Wednesday, November 25, 2020

The Curiosity Of Tyson-Jones


For Boxing fans of a certain age, there was nothing quite like the anticipation that took place before Mike Tyson entered the ring. In his prime in the 1980’s, Tyson ran through and fully unified the Heavyweight division in a near four year reign. Why was there such anticipation each time before Tyson stepped in the ring to compete? Tyson was the very definition of the term “Knockout Artist” and what made his ability to score quick knockouts even more impressive was he was scoring knockouts of many top Heavyweight contenders as well as fighters that at one time or another each held versions of the World Heavyweight championship.


In a similar way, Roy Jones carved his reputation in the 1990’s by dominating multiple weight classes with relative ease. Jones’ dominance including victories over world champions and fighters who would ultimately become Hall of Famers was in some ways similar to what Mike Tyson was able to accomplish in his prime. The question that often faced Tyson opponents during his prime was whether they would be able to survive the early rounds against a fighter who had knock out intentions with every punch he threw. Similarly, there was a significant stretch in Roy Jones’ career where if he didn’t knockout his opposition, he would often win every round of a fight making the conclusion if a bout went the distance an afterthought.


The one time where there was a possibility of the two meeting in a legitimate competitive environment in the Boxing ring was shortly after Jones moved up to Heavyweight and captured the WBA World Heavyweight championship from John Ruiz in March 2003. As most know, Jones chose instead to return to the Light-Heavyweight division where he spent much of his career. The possible clash between two legends of the sweet science remaining a “What If?” fantasy bout to be discussed and debated amongst Boxing experts and fans alike.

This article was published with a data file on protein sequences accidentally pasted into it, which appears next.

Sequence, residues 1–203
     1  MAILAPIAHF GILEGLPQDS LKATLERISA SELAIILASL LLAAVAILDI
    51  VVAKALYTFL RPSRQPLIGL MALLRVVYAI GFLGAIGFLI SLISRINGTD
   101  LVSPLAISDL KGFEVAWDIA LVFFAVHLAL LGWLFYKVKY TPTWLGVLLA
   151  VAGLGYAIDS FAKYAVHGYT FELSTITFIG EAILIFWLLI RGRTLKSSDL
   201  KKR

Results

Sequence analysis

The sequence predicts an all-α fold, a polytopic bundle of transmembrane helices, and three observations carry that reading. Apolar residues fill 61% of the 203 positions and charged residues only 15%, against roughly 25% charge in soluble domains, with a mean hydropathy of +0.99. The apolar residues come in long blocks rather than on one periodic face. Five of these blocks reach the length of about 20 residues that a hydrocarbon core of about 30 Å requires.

As we return to present day in 2020 however, the two over fifty legends will meet inside the ring, sort of, as Tyson and Jones will share the ring in an exhibition bout on Saturday, November 28th at the Staples Center in Los Angeles, CA. The bout , which will headline a four fight pay-per-view card is the first event promoted under the Mike Tyson’s Legends League banner.


 Although there is no disputing that had this bout taken place when both fighters were still actively competing in the sport that it probably would have been a marquee attraction that would have drawn significant interest, it is important to keep mind that this will be a non-competitive exhibition given that both fighters are fifty-four and fifty-one years old respectively and the bout will have strict guidelines under the supervision of the California State Athletic Commission (CSAC). While those guidelines have been rumored for months since this exhibition was initially announced, we have clarification from CSAC executive director Andy Foster who in an interview with MMA Fighting laid out the rules for this exhibition bout.